When I first moved into my rental house, I took it upon myself to paint. I used the whole “It’s easier to ask for forgiveness than permission” reasoning, and just did my thang. Let’s be honest here. I picked a totally beautiful neutral color. The owners should love me. I just upped the value of their rental property for them. (They’ve seen it, and the wife asked for the name of the color because she loved it so much (Sherwin Williams Popular Gray BTW). For this next painting project I’m about to unveil, I continued in my “devil may care” ways and didn’t ask permission. Is this something you could do in any rental property. Probably not. Is it something that would be easy to paint over when you leave? Totally…although it makes me really sad thinking of how easy it will be to paint roller over my tedious little quatrefoils that I slaved away on. My kitchen isn’t my favorite room in the house. The floors aren’t the greatest. They cabinets are kind of orange-y colored wood. The appliances speak for themselves. It’s kind of an awkward shape. (It redeems itself with a ton of storage, though). My kitchen needed a little pazazz. I’m going to take you through this whole process now, from my inspiration to how I figured out how the heck to do this for free. Oh yeah. Did I mention this cost me ZERO dollars. I’d been putting this off for a while and just started in the middle of the night one night. Here’s what I used: 1. A leftover sample of paint that I almost painted my house with, that ended up being a little too dark (Sherwin Williams Perfect Greige). 2. Leftover trim paint. White in a gloss finish. 3. Painters tape. Mine was frog tape because that’s what I had, but any type of masking tape would have worked. I used it to make my stencil. 4. A paintbrush that I’m pretty sure came from a children’s water color set. 5. A mechanical pencil.
So my first thought was, “I will stencil my wall using my Martha Stewart quatrefoil stencil that I already have.”
Um. No. Maybe I didn’t get the memo, but stenciling like this is the most frustrating thing ever. I couldn’t do a single shape without it bleeding through! Plus you can only do one set at a time because you have to wait for each set to dry so you can layer over it to match up the pattern correctly. Like I’m going to spend all my time doing that AND THEN go back over to touch up everything. No. I’m not.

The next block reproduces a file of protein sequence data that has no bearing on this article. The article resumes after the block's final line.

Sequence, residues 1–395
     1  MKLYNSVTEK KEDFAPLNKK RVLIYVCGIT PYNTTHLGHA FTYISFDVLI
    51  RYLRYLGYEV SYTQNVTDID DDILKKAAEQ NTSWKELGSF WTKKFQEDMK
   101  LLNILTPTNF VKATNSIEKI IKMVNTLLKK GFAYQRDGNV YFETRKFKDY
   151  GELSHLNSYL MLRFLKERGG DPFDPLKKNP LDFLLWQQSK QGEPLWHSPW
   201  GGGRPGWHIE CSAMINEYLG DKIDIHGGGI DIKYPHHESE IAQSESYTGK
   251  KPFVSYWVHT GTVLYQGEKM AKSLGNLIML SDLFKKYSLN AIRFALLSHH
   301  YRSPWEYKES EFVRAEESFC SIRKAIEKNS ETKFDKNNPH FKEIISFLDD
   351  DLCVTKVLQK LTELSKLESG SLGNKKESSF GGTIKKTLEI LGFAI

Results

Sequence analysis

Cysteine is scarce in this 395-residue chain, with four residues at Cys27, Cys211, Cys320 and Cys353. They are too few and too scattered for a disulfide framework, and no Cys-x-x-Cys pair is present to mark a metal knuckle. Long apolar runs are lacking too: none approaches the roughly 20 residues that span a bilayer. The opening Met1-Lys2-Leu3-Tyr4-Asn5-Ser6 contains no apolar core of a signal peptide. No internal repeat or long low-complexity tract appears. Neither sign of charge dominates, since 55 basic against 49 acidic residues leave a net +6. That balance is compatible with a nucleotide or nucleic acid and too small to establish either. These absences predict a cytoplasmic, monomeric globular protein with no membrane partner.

Then I stumbled upon a vinyl quatrefoil backsplash. I was seriously considering this option, but it was going to cost me a whole lot of money because my kitchen is so loooong. I measured and calculated. Then I figured in me screwing up applying the vinyl, and the cost was just too much. I kept seeing this pattern everywhere though, so I knew I had to find some way to make it work.
Using some pinterest resources I decided I was going to make my own stencil, trace it on the wall in a pattern, and then paint over the lines.
I found the stencil that is the exact same shape as the vinyl backsplash here (fo free!)I got real ghetto here, y’all. I just opened the file on my computer, and…(I hope Aaron doesn’t read this…he would be cringing)…I just used a pencil to lightly trace over the pattern onto paper. It was like those old light-up desks you used to trace on as a kid. Just like that. Except on a macbook screen. I’m pretty sure I shouldn’t advocate this. Just print it out, guys. I only did it because I was so motivated to get started that night and my printer was upstairs and out of ink.
This next pinterest find inspired me to use painter’s tape to make my stencil.
Totally different from mine, but credit for inspiration where credit is due. All I did was cut out my clover shape, lay strips of tape over it, and trim it to shape of the paper. Then I flipped my clover over to the other side, laid striped of tape over it, and trimmed again. I just kept flipping and trimming until it got to a thickness I thought would hold up well to stenciling around the edges fifty billion times.
The painter’s tape stencil ended up working fabulously. It was very bendable, so I could fold it around corners and edges so easily. It was kind of miraculous. This next pin led me to a blog that gave me the technique I used to stencil and paint.The biggest take-away messsages I got from that blog are:
1. Don’t try to make it perfect. 2. Trace around the shape. Paint right over the line. 3. It won’t look perfect close up, but it will look fabulous from far away. 4. It’s very tedious and time consuming. 5. I probably should have made my shape a little bigger. So I got started stenciling and painting.
I was so impressed with myself after the first section. Then I thought,”Hey wait. I’m going to blog about this! I need before pictures.”
Warning! It is very hard to stencil right-handed in a corner with a wall on your right side. You wish you had a picture of me in all the crazy positions I was stenciling in. At one point my foot was on top of the refrigerator.
Look at that fancy wallpaper/tile backsplash! (Not the ugly appliances).
Do you want to see it up close?
I mean really close?
See totally not perfect, but you can’t even tell from far away. I am in love with it and I would totally do it again. It’s a lot of tedious work, but the result was so worth it. I’m so excited to finish decorating my kitchen. Now all I need is some curtains, right?